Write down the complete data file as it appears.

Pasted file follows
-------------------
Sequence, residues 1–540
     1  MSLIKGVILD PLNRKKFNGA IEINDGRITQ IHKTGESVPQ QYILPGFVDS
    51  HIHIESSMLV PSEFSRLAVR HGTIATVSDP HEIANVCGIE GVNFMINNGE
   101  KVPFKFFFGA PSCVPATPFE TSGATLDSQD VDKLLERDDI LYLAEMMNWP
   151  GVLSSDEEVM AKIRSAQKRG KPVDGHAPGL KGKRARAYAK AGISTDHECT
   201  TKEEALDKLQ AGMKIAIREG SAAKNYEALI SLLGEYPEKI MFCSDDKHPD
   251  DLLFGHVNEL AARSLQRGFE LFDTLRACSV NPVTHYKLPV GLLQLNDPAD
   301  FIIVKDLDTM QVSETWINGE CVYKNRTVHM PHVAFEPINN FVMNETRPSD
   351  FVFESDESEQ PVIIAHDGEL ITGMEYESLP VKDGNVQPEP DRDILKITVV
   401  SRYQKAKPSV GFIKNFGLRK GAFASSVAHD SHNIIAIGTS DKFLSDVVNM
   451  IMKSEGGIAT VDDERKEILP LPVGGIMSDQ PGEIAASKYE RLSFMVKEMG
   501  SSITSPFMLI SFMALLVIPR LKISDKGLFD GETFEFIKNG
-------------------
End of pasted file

Sequence, residues 1–540
     1  MSLIKGVILD PLNRKKFNGA IEINDGRITQ IHKTGESVPQ QYILPGFVDS
    51  HIHIESSMLV PSEFSRLAVR HGTIATVSDP HEIANVCGIE GVNFMINNGE
   101  KVPFKFFFGA PSCVPATPFE TSGATLDSQD VDKLLERDDI LYLAEMMNWP
   151  GVLSSDEEVM AKIRSAQKRG KPVDGHAPGL KGKRARAYAK AGISTDHECT
   201  TKEEALDKLQ AGMKIAIREG SAAKNYEALI SLLGEYPEKI MFCSDDKHPD
   251  DLLFGHVNEL AARSLQRGFE LFDTLRACSV NPVTHYKLPV GLLQLNDPAD
   301  FIIVKDLDTM QVSETWINGE CVYKNRTVHM PHVAFEPINN FVMNETRPSD
   351  FVFESDESEQ PVIIAHDGEL ITGMEYESLP VKDGNVQPEP DRDILKITVV
   401  SRYQKAKPSV GFIKNFGLRK GAFASSVAHD SHNIIAIGTS DKFLSDVVNM
   451  IMKSEGGIAT VDDERKEILP LPVGGIMSDQ PGEIAASKYE RLSFMVKEMG
   501  SSITSPFMLI SFMALLVIPR LKISDKGLFD GETFEFIKNG